- The author says:
- Now that you know there is a rest, a Promised Land, still out there, don’t stop short of getting there.
- We, just like out ancestors of the exodus, have heard the good news that God is delivering us.
- But they didn’t get any value from hearing that message because they didn’t combine faith and obedience (follow-through).
- Yet, we have! And we get to enter God’s rest!
- Remember the scripture where God said, “I swear I won’t let them get to the end of the journey and enter the Promise Land. No restful reward for you!’”
- But also remember that God has rested (i.e. reigned as king), and has had a restful reward (i.e. a kingdom of his own) available to his people since the last act of creation.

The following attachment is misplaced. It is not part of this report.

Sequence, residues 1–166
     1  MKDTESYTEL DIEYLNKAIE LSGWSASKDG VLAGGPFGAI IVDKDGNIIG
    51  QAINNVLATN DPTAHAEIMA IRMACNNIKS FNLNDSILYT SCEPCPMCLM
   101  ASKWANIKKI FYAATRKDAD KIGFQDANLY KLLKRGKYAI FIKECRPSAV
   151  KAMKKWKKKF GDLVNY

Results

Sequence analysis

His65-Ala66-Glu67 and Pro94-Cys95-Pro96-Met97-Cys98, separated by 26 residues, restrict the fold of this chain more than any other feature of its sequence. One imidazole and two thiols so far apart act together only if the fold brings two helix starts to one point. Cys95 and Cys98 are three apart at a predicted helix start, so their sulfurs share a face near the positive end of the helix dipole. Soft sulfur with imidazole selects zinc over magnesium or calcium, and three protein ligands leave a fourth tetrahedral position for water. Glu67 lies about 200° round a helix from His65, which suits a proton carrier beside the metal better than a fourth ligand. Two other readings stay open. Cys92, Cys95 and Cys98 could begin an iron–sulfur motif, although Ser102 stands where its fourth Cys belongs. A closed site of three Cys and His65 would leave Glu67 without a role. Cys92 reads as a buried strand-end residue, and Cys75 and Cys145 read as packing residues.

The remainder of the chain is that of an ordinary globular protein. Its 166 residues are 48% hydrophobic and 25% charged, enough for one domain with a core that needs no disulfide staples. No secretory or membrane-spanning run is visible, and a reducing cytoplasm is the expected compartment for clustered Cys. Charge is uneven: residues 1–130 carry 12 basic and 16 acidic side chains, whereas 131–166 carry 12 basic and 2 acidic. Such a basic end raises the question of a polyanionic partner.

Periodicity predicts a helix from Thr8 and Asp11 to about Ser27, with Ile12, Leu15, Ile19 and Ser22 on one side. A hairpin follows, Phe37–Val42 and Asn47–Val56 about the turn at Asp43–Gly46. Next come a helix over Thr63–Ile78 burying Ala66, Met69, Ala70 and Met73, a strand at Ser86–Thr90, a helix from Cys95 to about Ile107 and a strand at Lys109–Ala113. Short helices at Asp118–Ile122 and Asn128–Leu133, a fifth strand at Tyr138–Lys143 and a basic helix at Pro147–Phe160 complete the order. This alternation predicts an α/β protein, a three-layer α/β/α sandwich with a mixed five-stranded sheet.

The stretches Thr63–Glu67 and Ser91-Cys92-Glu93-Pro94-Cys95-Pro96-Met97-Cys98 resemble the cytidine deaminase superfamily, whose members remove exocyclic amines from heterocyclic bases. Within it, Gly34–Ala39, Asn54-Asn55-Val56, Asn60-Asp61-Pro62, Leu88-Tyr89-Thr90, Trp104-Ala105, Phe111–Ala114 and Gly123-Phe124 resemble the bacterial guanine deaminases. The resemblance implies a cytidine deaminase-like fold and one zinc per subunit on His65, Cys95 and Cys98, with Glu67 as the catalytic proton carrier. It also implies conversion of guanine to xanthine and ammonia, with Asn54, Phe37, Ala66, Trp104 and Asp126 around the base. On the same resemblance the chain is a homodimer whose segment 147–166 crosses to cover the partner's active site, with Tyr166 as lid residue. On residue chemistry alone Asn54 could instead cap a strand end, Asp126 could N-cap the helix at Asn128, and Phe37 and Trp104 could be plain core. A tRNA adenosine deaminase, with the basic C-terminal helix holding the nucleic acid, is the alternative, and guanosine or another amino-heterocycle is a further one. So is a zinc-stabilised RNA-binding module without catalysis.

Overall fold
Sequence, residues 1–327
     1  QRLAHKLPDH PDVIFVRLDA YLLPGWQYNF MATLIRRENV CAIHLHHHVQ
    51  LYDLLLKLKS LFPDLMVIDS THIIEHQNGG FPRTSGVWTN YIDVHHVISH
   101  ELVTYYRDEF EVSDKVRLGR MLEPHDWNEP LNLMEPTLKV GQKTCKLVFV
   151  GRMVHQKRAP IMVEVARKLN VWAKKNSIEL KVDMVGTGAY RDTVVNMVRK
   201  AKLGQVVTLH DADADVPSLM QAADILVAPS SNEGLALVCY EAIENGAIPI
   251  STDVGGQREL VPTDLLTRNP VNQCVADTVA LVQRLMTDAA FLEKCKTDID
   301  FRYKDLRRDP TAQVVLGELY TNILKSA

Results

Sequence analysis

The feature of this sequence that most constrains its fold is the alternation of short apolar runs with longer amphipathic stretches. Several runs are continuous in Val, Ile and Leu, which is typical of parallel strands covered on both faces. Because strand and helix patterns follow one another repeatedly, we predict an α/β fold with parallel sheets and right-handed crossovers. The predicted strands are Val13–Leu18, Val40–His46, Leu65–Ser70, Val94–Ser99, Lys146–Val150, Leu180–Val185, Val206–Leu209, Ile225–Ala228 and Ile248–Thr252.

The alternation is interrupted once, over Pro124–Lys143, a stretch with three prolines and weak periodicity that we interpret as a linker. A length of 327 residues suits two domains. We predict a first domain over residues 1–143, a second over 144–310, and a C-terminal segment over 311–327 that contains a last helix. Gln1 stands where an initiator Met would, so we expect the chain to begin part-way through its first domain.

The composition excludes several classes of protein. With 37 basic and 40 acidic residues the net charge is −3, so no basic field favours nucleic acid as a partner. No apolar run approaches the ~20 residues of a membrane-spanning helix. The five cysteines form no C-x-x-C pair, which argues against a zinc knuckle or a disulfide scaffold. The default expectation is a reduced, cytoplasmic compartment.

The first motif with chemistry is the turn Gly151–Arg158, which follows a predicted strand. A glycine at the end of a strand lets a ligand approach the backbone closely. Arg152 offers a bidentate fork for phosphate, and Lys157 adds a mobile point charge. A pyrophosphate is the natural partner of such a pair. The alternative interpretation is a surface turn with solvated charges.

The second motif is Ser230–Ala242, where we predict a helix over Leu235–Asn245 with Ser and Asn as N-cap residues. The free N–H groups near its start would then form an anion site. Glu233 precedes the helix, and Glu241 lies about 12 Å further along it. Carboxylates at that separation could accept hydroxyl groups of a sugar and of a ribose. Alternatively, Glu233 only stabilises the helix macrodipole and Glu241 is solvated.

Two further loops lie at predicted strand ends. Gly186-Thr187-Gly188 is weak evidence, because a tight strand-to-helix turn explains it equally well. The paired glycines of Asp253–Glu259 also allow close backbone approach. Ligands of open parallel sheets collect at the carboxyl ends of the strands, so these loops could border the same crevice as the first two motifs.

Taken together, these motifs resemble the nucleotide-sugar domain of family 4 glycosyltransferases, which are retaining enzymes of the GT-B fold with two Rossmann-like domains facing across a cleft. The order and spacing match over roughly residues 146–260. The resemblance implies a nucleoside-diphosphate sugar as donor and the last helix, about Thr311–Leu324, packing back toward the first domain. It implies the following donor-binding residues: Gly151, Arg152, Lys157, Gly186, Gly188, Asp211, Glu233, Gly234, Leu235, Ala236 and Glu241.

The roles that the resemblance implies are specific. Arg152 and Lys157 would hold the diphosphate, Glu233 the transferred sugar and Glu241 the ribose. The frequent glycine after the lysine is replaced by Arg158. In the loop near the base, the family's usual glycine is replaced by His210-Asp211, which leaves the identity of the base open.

- In the beginning of the Bible, it says that, “On the seventh day, God rested from all his work.”
- Yet in the passage above it says, “No restful reward for you!”
- It turns out God’s rest, his full reign, has been available since the beginning of time and the people back then were unable to get into it because they just couldn’t keep trusting in God.
- So God picked a day when people could enter his reign, and he called that day “today.”
- God established that “day” 500 years after the exodus, when King David wrote that poem that said, “If you can hear God’s voice today, don’t ignore it.”
- Think about it: If Joshua, who lead the Israelites into the Promise Land, had managed to bring the people fully into God’s rest (i.e. under his reign), then why would God still have to establish a “day” when people can enter it?
- Well, all this means that God’s perpetual-seventh-day-reign-like rest is still available for his people to enter.
- And anyone who enters God’s rest can quit working to try and be saved. They can chill under God’s care alongside God.